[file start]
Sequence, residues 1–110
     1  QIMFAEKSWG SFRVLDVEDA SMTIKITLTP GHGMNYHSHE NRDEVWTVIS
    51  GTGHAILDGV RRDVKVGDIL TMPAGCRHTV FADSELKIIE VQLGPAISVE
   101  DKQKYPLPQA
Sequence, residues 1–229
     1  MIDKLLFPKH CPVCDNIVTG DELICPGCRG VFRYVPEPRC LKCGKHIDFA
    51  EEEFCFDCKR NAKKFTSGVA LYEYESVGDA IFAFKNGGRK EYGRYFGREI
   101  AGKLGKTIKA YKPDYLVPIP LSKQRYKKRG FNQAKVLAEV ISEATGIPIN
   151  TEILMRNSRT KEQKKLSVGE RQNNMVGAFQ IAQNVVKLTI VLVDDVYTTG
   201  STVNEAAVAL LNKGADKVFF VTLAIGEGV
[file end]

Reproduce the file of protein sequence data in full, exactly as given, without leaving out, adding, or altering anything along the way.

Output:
Sequence, residues 1–110
     1  QIMFAEKSWG SFRVLDVEDA SMTIKITLTP GHGMNYHSHE NRDEVWTVIS
    51  GTGHAILDGV RRDVKVGDIL TMPAGCRHTV FADSELKIIE VQLGPAISVE
   101  DKQKYPLPQA
Sequence, residues 1–229
     1  MIDKLLFPKH CPVCDNIVTG DELICPGCRG VFRYVPEPRC LKCGKHIDFA
    51  EEEFCFDCKR NAKKFTSGVA LYEYESVGDA IFAFKNGGRK EYGRYFGREI
   101  AGKLGKTIKA YKPDYLVPIP LSKQRYKKRG FNQAKVLAEV ISEATGIPIN
   151  TEILMRNSRT KEQKKLSVGE RQNNMVGAFQ IAQNVVKLTI VLVDDVYTTG
   201  STVNEAAVAL LNKGADKVFF VTLAIGEGV